The Deconstructive Theatre Project is a ten-year-old Brooklyn-based not-for-profit ensemble creative laboratory that exists to devise and premiere new multidisciplinary work. The company is currently creating a series of projects at the intersection of live performance, neuroscience, and interactive technology.
The Deconstructive Theatre Project was founded in February 2006 by Adam J. Thompson and a collaborative of fellow undergraduate students from Emerson College in Boston, Massachusetts. In 2008, the organization permanently relocated its base of operations to New York City. The company, which is comprised of more than 20 individuals from a broad spectrum of creative backgrounds, creates and executes programming in three symbiotic categories: hybrid media performance development and production, integrated theatre in education, and interactive community engagement.
The Deconstructive Theatre Project’s inaugural performance project was Moisés Kaufman’s Gross Indecency: The Three Trials of Oscar Wilde (2006). Over nine subsequent years the company has devised and premiered Brecht & Co. (2007), The Girlie Show (2007), a site-specific adaptation of Michel Marc Bouchard’s Lilies, or The Revival of a Romantic Drama (2009), an original two-actor contemporary circus adaptation of Antigone (2011), The Orpheus Variations (2012 world premiere, 2013 and 2015 remounts), Searching for Sebald (2015), and is currently creating Venice Double Feature.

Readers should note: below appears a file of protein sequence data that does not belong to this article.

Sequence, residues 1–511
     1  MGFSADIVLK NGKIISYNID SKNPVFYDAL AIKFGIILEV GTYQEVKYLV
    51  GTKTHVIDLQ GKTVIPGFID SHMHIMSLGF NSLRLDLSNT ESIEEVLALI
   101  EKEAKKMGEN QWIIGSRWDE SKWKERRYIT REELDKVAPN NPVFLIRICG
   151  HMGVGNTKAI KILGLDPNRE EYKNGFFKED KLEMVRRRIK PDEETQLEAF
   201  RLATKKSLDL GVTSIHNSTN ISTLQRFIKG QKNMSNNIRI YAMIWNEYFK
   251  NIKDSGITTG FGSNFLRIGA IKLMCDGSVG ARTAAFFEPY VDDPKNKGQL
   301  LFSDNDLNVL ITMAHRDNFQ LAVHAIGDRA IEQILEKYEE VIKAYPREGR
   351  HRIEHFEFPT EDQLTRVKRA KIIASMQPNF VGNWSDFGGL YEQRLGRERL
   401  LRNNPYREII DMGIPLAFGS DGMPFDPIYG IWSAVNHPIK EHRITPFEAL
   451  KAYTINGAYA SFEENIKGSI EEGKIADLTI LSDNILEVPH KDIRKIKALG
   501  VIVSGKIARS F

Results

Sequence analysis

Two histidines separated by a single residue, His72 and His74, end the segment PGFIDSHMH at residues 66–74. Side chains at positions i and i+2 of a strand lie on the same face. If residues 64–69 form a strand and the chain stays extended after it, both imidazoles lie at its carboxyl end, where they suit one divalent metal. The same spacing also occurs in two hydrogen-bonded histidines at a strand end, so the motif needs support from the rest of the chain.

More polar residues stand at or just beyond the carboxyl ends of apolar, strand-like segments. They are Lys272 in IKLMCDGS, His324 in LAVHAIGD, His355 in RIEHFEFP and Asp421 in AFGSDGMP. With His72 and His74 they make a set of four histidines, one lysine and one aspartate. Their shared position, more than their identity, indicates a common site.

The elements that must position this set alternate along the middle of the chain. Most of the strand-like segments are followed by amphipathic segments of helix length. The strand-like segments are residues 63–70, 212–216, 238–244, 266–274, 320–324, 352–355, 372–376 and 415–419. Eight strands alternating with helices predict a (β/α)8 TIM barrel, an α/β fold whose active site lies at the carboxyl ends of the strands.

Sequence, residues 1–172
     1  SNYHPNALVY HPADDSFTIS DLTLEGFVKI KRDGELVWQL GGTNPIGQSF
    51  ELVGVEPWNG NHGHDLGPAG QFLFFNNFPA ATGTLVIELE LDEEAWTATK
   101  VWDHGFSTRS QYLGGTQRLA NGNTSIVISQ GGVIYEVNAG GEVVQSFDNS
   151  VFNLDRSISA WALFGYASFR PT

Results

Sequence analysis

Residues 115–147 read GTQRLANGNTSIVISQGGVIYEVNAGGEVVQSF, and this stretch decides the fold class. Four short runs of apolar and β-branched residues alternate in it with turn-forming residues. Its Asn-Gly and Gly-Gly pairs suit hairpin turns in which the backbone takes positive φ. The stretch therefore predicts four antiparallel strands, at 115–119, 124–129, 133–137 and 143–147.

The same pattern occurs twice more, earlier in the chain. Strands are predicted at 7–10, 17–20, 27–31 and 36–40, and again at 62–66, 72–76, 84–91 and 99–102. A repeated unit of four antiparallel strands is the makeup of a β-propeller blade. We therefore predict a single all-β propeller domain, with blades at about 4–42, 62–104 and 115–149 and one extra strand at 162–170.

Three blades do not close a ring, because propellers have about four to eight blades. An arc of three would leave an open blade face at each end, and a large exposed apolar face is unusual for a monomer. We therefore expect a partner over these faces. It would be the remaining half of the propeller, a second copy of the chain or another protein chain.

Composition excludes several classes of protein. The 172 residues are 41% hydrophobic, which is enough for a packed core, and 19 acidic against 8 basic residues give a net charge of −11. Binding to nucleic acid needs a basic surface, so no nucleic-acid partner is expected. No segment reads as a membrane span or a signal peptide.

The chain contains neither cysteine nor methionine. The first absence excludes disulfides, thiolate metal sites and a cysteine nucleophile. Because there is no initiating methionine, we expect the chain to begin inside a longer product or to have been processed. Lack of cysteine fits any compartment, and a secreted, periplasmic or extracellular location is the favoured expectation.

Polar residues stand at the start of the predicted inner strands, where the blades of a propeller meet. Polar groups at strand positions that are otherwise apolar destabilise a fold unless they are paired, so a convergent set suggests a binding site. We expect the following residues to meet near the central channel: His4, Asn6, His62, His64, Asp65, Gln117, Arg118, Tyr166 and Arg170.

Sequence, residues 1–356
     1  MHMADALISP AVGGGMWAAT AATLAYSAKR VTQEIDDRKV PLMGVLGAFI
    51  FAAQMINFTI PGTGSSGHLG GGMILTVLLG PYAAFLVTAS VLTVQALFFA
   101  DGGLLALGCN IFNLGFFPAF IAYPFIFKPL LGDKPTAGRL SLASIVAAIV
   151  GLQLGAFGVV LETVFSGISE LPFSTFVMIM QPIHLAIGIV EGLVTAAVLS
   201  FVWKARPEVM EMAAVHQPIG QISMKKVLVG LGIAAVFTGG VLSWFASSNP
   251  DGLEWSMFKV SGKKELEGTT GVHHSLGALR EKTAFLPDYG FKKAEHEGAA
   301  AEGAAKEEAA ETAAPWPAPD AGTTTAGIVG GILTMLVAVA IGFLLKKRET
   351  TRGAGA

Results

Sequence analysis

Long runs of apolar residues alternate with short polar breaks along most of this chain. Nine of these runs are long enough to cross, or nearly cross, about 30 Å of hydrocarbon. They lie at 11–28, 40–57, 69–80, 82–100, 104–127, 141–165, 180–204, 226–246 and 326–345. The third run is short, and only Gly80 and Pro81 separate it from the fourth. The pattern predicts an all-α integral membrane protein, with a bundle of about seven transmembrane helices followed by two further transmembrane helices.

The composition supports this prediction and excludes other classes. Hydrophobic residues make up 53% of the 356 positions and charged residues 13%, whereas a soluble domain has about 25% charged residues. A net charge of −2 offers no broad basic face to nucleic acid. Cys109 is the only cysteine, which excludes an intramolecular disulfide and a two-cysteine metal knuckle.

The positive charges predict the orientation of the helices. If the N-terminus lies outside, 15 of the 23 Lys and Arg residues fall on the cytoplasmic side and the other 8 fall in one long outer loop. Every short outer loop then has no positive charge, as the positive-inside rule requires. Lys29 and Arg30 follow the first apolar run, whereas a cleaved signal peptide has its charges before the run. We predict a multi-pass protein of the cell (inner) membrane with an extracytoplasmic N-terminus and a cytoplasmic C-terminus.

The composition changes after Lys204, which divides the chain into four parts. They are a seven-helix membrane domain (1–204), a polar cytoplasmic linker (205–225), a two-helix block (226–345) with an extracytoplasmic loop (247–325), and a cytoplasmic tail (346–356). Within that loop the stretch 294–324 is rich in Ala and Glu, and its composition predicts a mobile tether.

The Deconstructive Theatre Project is a member of the HERE Artist Residency Program and The Public Theater’s Devised Theatre Working Group and has received local and international development and performance residencies from The Stuart Street Playhouse, Chez Bushwick, The Center for Performance Research, Middle Collegiate Church, The School of Making Thinking, Kunsthof Tangendorf, IRT Theater, the Magic Futurebox, Edge Arts, HERE, FiveMyles, The Public Theater/Under the Radar Festival, Theater at the 14th Street Y, and Gowanus Art + Production and has performed in Boston, New York City, and the Catskills.
The press has identified the company for “masterfully reinvent[ing] what live theater can mean for the individual, while illuminating the utter complexity and subjectivity of our own consciousness,” (ArtLab) and has called the company’s work “so purposeful and…not only unique, but also innovatively reflective on the future of the performing arts” (Letters from the Mezzanine.)